Galapagos Islands Travel Blog

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Thursday, July 9, 2009

Travel Galapagos - Santiago and Nearby Sites

Travel Galapagos suggests touring Santiago’s numerous visitor sites and its location in the center of the islands make it one of the most familiar islands of a Galapagos travel. You go from site to site on Santiago, learning about the human history of the islands and seeing the fur seals or Galapagos hawks. Some of the shoreline was created by lava flows just a hundred years or so ago. You will take a quick jaunt to Bartolome’s Pinnacle Rock or pull into the quiet cove of Sombrero Chino to anchor in a storm. But wherever you go around the island, the cone of Santiago’s Sugarloaf Volcano or the sweep of black volcanic rock on its shores will appear again and again, giving you a visual anchor for a major part of your visit.

If you travel to Santiago-Galapagos it may wind up being the jumping-off point for the very long trip northeast to Genovesa, home of the red-footed boobies and thousands of storm petrels. It is also an important example of successful eradication of introduced species – with pigs eradicated in 2001 and the goat population soon to follow.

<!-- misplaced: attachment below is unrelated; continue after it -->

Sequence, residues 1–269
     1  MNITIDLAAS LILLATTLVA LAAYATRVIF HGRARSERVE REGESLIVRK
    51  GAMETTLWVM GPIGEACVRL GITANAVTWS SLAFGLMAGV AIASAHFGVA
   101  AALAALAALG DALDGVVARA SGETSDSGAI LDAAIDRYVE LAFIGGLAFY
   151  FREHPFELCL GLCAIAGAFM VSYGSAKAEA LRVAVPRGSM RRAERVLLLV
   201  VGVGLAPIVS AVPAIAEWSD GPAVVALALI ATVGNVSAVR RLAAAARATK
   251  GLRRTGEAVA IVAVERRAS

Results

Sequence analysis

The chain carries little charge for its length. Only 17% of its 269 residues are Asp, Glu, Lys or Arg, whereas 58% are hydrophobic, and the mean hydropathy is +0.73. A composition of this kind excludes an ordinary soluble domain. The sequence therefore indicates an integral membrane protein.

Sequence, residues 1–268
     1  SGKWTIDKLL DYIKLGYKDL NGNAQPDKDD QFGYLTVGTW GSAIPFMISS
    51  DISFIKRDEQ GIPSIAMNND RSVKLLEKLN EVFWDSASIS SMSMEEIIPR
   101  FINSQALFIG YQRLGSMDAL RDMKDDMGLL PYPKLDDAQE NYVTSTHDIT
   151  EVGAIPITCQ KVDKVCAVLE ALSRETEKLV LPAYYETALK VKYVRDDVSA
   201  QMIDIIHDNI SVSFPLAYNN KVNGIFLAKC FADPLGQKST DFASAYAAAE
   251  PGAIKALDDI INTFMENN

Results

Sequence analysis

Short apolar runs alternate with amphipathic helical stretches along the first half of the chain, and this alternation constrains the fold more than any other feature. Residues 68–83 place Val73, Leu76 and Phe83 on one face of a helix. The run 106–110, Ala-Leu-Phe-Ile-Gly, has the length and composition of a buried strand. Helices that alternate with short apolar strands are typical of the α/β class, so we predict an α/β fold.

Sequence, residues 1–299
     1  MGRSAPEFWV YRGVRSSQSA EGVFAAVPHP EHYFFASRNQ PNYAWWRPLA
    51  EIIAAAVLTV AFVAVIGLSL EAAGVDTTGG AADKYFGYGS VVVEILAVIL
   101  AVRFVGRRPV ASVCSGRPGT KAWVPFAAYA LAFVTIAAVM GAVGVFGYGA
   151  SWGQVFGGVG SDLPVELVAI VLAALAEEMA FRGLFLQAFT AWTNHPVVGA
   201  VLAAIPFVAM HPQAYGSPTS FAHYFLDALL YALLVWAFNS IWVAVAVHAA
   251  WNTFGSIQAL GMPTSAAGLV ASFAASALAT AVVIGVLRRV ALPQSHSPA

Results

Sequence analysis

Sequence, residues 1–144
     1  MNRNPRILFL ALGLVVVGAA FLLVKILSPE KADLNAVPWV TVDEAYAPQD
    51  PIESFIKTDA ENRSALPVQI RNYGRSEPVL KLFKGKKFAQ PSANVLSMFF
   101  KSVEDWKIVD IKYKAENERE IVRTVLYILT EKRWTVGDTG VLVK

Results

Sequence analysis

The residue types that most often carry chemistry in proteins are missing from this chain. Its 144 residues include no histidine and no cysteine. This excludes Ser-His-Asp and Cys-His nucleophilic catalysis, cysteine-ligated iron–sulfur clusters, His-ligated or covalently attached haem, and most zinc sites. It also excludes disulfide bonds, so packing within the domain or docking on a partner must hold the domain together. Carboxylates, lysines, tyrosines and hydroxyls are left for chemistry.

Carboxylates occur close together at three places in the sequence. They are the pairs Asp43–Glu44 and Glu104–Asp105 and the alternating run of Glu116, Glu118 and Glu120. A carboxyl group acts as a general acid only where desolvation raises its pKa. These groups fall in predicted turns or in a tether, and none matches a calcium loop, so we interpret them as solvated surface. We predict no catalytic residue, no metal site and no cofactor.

Travel Galapagos - Santiago (San Salvador, James)

Your itinerary is likely to bring you back to Santiago (James) Island several times. Its visitor sites are on the east and west sides of the island, and its central location in the archipielago means that your route will pass it often as you criss-cross to the more distant islands or to the numerous visitor sites on nearby islands.

This island has powerful evocations of past human use, including the extraordinary ravages of introduced goats and the remains of several attempts at salt mining. It also has some of the most impressive natural sites: the fur seal grottos, a flamingo lagoon, and the geologically recent lava flows at Sullivan Bay. At each of the sites, birdwatching is particularly rewarding, with sightings of flamingos. Galapagos hawks, or vermilion flycatchers likely. Migrating shorebirds are seen regularly also.